Wireless Charging Powers Electric Buses In South Korea


In a first, South Korea has developed a hi-tech 'electrified' road which can recharge moving electric vehicles as they drive over it.

Project developers claim that the 12 kilometer route is the first of its kind in the world and allows electric public buses to recharge their batteries from buried cables as they travel. The Online Electric Vehicle (OLEV) is an electric vehicle that can be charged while stationary or driving, thus removing the need to stop at a charging station, researchers said.

OLEV, developed by the Korea Advanced Institute of Science and Technology (KAIST), does not require panto-graphs to feed power from electric wires strung above the tram route.

Two OLEV buses run in an inner city route between Gumi Train Station and Indong district, for a total of 24km roundtrip.

The bus receives 20 kHz and 100 kW (136 horsepower) electricity at an 85 per cent maximum power transmission efficiency rate while maintaining a 17cm air gap between the under-body of the vehicle and the road surface. OLEV receives power wirelessly through the application of the Shaped Magnetic Field in Resonance (SMFIR) technology.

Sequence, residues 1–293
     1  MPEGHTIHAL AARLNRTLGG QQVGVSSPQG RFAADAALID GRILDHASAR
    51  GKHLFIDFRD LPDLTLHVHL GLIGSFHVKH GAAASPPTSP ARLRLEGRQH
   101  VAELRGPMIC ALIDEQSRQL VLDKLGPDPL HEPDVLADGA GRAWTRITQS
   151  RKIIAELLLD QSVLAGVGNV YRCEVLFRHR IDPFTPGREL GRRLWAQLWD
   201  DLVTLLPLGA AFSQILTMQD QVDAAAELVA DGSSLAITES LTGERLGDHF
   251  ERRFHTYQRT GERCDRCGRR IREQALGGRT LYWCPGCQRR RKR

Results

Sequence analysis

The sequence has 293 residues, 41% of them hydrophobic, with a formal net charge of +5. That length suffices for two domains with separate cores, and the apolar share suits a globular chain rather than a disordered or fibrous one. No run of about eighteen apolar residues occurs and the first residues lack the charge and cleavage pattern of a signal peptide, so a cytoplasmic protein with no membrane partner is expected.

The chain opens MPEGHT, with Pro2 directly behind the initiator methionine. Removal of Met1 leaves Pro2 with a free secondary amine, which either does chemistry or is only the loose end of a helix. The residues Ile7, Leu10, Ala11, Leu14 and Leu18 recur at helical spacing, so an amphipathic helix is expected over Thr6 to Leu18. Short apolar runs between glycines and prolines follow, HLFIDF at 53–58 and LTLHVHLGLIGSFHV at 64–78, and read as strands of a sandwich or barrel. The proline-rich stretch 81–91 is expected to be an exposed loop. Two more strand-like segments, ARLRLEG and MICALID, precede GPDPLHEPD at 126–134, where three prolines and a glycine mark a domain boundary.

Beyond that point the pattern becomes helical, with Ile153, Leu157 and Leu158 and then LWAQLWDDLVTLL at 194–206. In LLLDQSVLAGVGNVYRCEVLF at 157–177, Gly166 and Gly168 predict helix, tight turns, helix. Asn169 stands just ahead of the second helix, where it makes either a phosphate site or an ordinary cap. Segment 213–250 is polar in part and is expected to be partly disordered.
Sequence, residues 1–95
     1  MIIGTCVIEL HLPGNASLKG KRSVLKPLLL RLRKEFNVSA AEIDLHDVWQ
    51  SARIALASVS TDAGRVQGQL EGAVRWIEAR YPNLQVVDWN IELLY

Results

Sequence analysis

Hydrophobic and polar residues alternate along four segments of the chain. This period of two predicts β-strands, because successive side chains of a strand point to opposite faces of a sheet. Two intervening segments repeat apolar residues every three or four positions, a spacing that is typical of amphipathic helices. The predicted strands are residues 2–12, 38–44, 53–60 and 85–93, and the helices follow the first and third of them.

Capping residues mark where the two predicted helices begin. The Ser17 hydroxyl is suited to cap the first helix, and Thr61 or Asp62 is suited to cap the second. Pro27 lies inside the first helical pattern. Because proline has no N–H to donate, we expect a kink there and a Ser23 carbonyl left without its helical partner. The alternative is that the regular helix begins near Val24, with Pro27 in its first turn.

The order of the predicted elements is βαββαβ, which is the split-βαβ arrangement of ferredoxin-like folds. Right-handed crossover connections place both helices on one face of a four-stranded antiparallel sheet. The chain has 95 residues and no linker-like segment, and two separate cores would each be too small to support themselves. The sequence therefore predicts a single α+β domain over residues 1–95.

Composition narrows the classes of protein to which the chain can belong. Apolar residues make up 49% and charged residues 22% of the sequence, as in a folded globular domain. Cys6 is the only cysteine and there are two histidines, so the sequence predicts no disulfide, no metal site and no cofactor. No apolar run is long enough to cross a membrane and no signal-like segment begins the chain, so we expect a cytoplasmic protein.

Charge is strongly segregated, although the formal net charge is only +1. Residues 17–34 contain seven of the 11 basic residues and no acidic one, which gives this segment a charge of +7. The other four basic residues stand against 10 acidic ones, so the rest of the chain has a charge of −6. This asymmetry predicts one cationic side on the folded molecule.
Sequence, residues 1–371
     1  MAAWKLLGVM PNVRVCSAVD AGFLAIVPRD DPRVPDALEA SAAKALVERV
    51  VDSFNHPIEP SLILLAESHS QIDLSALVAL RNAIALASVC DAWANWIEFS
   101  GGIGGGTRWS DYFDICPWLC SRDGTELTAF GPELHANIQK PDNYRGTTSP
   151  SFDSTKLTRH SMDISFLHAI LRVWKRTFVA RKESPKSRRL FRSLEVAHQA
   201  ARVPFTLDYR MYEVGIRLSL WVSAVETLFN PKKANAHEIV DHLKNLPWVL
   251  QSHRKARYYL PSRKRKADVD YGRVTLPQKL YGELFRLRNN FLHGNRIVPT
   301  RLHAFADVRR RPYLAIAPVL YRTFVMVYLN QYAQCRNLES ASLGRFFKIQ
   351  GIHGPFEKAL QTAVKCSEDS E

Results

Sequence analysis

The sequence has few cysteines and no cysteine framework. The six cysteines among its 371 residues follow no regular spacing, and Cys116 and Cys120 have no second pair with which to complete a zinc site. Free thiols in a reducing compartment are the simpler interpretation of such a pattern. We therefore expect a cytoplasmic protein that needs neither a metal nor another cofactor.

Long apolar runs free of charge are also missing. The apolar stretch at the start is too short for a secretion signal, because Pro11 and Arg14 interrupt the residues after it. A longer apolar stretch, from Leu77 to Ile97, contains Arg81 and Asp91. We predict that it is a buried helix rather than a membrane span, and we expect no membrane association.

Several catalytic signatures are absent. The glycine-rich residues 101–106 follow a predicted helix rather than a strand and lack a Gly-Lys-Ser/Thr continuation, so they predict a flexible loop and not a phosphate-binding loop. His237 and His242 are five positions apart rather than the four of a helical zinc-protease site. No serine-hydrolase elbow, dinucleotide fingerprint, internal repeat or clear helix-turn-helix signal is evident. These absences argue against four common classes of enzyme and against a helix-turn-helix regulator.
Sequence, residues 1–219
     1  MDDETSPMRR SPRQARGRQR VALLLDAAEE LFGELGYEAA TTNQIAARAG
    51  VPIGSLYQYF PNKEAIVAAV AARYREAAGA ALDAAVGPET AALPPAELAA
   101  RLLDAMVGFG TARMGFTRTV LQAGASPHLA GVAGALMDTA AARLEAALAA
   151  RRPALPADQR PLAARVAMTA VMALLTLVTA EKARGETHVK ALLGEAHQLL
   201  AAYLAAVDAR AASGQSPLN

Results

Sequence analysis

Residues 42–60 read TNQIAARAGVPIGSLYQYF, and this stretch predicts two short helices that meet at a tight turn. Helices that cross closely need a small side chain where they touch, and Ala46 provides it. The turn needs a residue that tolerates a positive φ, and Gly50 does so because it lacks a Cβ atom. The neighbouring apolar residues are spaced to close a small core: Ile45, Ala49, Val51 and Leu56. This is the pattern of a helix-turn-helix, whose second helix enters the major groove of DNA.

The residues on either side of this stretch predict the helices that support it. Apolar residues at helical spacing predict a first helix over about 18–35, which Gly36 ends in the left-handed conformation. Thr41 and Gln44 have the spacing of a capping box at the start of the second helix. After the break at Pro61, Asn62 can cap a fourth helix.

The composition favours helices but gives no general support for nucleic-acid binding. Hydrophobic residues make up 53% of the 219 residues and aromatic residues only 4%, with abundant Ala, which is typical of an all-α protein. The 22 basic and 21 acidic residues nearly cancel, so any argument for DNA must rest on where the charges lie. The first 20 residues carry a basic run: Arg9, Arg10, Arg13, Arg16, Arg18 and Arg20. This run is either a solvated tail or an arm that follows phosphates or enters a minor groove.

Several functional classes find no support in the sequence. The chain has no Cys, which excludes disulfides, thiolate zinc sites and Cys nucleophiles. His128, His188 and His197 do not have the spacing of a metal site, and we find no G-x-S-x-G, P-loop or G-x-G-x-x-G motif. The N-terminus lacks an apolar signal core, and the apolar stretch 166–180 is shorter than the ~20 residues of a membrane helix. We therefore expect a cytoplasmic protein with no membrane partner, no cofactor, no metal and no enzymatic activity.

SMFIR is a new technology that enables electric vehicles to transfer electricity wirelessly from the road surface while moving.

Power comes from the electrical cables buried under the surface of the road, creating magnetic fields. There is a receiving device installed on the under-body of the OLEV that converts these fields into electricity.

The length of power strips installed under the road is generally 5-15 per cent of the entire road, requiring only a few sections of the road to be rebuilt with the embedded cables.

The road has a smart function as well, to distinguish OLEV buses from regular cars - the segment technology is employed to control the power supply by switching on the power strip when OLEV buses pass along, but switching it off for other vehicles, researchers said.

"This is certainly a turning point for OLEV to become more commercialized and widely accepted for mass transportation in our daily living," Dong-Ho Cho, a professor of the electrical engineering at KAIST, said.
Wireless Charging Powers Electric Buses In South Korea Wireless Charging Powers Electric Buses In South Korea Reviewed by Daniel Weaver on Friday, August 09, 2013 Rating: 5

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